Last night I attended a fascinating lecture at the University of Liverpool by Professor Michael Parkinson. His talk was titled City Regions in the UK; Policies, Performance and Prospects, a subject which seems highly topical at the moment.
Professor Parkinson looked at the contrasting fortunes of the UK’s city regions over the last two decades, how they compare with city regions in Europe and what we need to do to make sure that they perform better in the future.
There is considerable concern in some cities, not least in Liverpool, that Manchester is stealing a march on everyone else with the so called Devo Manc process. Just last week the Government announced that it was devolving a £6 billion health budget to the Manchester city region.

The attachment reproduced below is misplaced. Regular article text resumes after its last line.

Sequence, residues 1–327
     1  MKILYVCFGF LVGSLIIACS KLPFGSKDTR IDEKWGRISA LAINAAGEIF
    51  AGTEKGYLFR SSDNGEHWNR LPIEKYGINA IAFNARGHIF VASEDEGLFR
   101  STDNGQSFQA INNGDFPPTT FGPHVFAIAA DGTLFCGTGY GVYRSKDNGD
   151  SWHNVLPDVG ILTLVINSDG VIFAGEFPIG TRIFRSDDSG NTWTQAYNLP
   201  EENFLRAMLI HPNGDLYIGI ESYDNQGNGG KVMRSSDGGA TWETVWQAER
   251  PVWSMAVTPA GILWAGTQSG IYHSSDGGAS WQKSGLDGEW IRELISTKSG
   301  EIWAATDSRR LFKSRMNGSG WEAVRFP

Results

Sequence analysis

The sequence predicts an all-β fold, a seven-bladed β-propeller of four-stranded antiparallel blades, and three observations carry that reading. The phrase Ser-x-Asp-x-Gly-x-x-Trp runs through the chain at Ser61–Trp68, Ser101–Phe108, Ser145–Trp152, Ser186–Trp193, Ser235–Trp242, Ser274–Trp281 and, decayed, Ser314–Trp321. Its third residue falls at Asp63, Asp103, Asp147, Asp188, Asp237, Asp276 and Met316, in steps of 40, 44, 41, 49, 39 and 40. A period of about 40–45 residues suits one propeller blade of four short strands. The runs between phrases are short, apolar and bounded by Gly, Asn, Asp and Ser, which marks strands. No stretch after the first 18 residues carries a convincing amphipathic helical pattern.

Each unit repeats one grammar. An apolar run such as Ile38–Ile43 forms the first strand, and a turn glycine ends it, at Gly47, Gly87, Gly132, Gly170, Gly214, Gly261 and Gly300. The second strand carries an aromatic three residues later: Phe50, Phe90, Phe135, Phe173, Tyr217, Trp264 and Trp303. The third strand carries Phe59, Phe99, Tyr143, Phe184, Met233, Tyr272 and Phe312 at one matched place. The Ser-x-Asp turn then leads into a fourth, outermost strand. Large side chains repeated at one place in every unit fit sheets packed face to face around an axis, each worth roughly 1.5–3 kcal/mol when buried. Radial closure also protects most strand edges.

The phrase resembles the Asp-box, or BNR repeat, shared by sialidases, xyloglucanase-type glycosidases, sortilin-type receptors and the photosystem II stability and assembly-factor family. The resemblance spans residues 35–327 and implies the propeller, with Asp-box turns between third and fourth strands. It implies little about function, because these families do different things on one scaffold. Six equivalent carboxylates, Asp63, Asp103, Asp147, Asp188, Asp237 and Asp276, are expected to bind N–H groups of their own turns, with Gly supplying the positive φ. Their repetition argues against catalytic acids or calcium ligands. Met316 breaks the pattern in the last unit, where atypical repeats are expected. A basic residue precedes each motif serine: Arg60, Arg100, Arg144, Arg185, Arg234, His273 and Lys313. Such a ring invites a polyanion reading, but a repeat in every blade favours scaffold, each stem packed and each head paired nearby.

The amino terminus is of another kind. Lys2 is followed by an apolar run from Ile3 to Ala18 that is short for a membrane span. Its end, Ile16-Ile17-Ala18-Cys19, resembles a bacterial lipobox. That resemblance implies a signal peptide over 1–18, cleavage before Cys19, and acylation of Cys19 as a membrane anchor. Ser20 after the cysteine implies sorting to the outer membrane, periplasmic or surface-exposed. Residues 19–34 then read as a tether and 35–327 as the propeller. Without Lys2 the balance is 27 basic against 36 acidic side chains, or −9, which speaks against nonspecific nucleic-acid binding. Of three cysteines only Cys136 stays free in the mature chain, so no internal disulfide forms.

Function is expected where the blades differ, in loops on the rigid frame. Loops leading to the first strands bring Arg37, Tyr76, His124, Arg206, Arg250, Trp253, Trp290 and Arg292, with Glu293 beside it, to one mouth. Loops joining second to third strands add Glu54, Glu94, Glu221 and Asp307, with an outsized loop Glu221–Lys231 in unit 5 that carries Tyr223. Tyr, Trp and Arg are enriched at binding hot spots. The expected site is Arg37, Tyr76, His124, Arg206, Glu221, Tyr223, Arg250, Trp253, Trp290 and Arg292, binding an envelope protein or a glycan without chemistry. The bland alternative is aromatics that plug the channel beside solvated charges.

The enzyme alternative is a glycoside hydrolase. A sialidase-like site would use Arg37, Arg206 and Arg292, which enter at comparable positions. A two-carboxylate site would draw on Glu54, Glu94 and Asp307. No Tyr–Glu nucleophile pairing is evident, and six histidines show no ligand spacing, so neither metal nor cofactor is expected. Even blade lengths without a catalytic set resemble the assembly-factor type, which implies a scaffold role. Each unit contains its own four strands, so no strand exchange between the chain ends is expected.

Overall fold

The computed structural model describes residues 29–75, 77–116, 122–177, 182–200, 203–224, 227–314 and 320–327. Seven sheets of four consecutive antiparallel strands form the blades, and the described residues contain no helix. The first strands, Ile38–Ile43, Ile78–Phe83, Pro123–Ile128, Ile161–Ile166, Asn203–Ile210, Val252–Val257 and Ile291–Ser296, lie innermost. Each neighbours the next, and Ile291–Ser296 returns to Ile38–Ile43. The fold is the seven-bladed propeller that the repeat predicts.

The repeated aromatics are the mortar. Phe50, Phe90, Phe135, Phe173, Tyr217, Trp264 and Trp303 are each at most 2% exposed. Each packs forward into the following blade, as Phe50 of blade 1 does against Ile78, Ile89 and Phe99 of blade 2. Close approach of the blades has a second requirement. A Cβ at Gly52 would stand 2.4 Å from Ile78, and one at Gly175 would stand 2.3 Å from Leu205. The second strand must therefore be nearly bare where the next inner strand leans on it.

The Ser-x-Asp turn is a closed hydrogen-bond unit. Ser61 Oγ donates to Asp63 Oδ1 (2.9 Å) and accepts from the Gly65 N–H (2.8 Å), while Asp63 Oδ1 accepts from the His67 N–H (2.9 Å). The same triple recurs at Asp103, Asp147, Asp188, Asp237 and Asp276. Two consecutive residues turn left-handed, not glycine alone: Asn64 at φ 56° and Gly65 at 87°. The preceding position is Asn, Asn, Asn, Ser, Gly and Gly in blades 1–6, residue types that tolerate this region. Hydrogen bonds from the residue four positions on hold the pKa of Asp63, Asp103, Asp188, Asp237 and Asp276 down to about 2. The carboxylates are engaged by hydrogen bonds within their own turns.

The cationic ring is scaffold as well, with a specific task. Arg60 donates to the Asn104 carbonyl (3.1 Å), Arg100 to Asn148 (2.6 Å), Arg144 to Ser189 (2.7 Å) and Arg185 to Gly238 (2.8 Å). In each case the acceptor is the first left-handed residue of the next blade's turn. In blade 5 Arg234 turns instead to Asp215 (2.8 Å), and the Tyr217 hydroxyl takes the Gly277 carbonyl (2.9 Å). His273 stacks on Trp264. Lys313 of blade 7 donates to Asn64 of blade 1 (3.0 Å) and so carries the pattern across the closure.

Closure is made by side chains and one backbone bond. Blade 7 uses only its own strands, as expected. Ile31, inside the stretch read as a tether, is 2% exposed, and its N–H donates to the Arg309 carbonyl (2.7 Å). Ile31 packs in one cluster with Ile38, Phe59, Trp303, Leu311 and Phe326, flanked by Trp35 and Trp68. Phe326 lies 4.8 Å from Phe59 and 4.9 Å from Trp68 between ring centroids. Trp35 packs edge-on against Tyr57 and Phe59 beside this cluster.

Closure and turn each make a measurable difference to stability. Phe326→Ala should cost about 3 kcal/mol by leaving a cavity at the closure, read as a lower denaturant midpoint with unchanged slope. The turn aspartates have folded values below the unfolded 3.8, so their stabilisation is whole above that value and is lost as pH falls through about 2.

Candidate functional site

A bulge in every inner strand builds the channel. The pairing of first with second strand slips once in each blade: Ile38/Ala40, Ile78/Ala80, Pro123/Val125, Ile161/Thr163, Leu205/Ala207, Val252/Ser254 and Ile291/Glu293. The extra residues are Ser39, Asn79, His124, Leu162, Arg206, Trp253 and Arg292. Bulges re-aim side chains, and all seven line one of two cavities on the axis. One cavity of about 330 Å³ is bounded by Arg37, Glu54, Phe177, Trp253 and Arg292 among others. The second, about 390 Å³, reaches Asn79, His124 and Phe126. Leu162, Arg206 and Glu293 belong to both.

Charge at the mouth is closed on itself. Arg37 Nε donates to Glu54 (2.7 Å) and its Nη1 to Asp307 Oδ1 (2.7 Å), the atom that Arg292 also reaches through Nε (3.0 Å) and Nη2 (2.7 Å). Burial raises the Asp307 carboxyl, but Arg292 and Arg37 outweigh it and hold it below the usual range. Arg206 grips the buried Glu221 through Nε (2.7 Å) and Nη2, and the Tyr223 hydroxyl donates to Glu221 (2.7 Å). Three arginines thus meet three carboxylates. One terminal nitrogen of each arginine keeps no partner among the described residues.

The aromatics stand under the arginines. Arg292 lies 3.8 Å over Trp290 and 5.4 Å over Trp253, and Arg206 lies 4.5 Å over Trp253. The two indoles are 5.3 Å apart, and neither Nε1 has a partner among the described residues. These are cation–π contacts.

Most devolution so far from Westminster has involved the transfer of decision making rather than of financial powers. Professor Parkinson argued convincingly that city regions need fiscal devolution if they are to be free to make their own choices.
A couple of thoughts occur to me on this. Firstly, in my experience of working with local authorities I can’t help notice that many of them continue to devote considerable resources to community development. While that’s understandable, I feel that more success might be achieved by working at a regional level rather than at neighbourhood level. England’s somewhat outdated local authority boundaries don’t help in this regard.
Secondly, if city regions are going to work then local people need to be persuaded to buy into them. To take Liverpool City Region as an example, it will only succeed if people in diverse towns such as Southport and St Helens engage with it and feel part of it. Manchester’s success owes a lot to the fact that it has put a lot of effort into addressing this issue.
From a communications point of view, I feel that each city region needs a civic pride campaign in order to make everyone feel part of the process.